There are few things more meaningful to women than the fostering of strong female friendships. Examples of such are always an inspiring thing to behold. Vogue’s March cover story on the Taylor Swift and Karlie Kloss best-friendship highlights this strength in friendship well—even if it was doused in unattainable luxury and glamour.
Adorned in crystal-encrusted Oscar de la Renta gowns and against the backdrop of the sweeping Saint Lucia Mountains, Taylor Swift tells Vogue how she's found empowerment and fulfillment in devoting herself to her female friendships. But, according to Vogue, Swift has done more then just focus on her female friendships; she has also “pulled the plug” on her love life completely. Swift explains that she was tired of her boy-crazy reputation and having her heartbreaks on public display.
“I just kind of took the narrative back. It’s unfortunate I had to do that. And it’s unfortunate that now I have this feeling like if I were to open myself up to love, that would be a career weakness.”
So instead, Swift has thrown herself into her career and being available to her friends. This is obviously a wonderful thing for Swift and a good example for other high-powered women who crave the support found in female friendship. Too often we become so caught up in career and romance, that our friendships are neglected. It’s often only during a breakup or career crisis—those times we need our friends the most—that we discover our female friendships are badly in need of nourishment, or sometimes even non-existent.
But does it follow that we must “pull the plug” on our romantic aspirations in order to foster strong friendships?
You see, Taylor Swift is not the only woman I've heard talk about taking a break from the exhausting world of dating—and I don’t fault anyone for feeling burnt out. Everyone has their own pain threshold, and sometimes logging off your online dating profile for a couple months is just what the doctor ordered. But I would caution against Taylor Swift’s all-or-nothing approach as a general rule.
Unless you practice finding balance in your life, your female friendships will continue to seesaw between every boyfriend and every breakup. While single we throw ourselves into our friendships, and while in love we tend to carelessly let those relationships we cherish slip through our fingers. “Taking a break” from dating to focus on our friendships—or careers, for that matter—is just perpetuating the lopsided lifestyle that frustrates us in the first place. We see the error in neglecting important relationships for the sake of one, and so we should also see the flaw in simply flipping things the other way.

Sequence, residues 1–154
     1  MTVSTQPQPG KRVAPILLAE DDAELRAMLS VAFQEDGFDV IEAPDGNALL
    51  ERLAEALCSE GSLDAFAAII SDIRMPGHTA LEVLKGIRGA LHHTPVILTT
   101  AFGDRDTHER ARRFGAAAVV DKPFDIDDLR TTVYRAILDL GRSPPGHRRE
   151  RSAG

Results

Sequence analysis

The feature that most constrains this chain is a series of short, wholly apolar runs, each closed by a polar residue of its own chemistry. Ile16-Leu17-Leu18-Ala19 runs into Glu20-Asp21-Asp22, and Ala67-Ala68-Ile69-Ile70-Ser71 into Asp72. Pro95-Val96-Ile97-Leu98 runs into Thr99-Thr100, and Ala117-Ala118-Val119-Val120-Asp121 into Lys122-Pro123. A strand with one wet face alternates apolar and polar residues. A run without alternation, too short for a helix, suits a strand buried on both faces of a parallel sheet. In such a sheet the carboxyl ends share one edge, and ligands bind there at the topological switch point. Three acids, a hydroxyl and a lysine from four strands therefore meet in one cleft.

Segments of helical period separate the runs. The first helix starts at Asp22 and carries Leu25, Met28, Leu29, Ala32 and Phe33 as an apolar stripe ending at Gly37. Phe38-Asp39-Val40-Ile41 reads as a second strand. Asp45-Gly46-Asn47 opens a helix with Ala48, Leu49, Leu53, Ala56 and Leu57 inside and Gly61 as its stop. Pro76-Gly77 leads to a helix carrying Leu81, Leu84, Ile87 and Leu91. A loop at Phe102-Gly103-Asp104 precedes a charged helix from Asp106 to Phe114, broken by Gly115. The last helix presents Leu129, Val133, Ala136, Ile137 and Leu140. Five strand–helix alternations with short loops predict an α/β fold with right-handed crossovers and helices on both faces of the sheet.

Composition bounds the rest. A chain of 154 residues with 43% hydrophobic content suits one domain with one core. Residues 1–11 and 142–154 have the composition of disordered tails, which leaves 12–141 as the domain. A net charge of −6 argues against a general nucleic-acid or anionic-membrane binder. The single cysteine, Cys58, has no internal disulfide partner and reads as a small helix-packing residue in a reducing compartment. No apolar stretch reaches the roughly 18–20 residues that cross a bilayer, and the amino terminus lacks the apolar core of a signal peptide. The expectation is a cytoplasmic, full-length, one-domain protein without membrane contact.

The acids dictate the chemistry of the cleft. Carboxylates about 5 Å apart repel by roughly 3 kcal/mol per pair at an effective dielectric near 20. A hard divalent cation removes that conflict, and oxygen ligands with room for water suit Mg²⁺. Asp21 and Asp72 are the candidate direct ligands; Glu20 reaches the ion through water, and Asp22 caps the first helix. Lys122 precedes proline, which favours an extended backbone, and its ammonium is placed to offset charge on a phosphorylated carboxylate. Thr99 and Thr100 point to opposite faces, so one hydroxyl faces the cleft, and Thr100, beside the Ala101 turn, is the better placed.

Taylor Swift may be making up for lost time by forming friendships now, but BFF Karlie does not a husband make. If she's like most women, eventually Swift will want to jump back in, and it’s likely that she will face the same dilemma as before: snuggle with my boyfriend or slumber party with the girls?
Closing the door to the possibility of love in your mid-twenties is not a step toward personal growth; it’s a cop-out. Maintaining balance in our lives is a challenge we will always have to face for as long as we are lucky enough to have both friendships and romance. You won’t always have the luxury of shutting off one aspect of your life to focus on another—like when you are married, for instance.
Perhaps it would be better to think about thriving in our personal lives in terms of finding balance, instead of “pulling plugs.” When life starts feeling a little lopsided, we can roll a few stones over to the other direction, letting the strain of one area of our life ease up a little.
When the demands of our romantic relationships are keeping us from nurturing our friendships, why not look for ways to adjust? I know in my own life, this has been a constant challenge. My friends used to joke, “You always know when Monica is dating someone, because she drops off the face of the earth—but don’t worry she will be back in a month" (a jab at my notoriously short-lived romances).
My patient friends would suffer from emotional whiplash as I bounced from “pulling the plug” on love back to dating again. But there are ways to focus on your friendships while still remaining open to love. Creating a calendar for ourselves, with days set aside for friends and days set aside for dates will help keep weeks from slipping away without catching up with a friend. Talking to our friends about their love languages and what things make them feel tended to—and likewise with our boyfriends—can also help us to shift our focus and to maintain balance.
Tending to our friendships should take precedence in our lives, especially during our single years. But a practice in maintaining balance and room for fostering both romance and friendship is perhaps more important. This is a skill that will assist us throughout every stage of our lives. It will allow all of our relationships to thrive and nourish us—and that balance will sustain us beyond even the way a BFFL pairing as amazing as Taylor/Karlie could.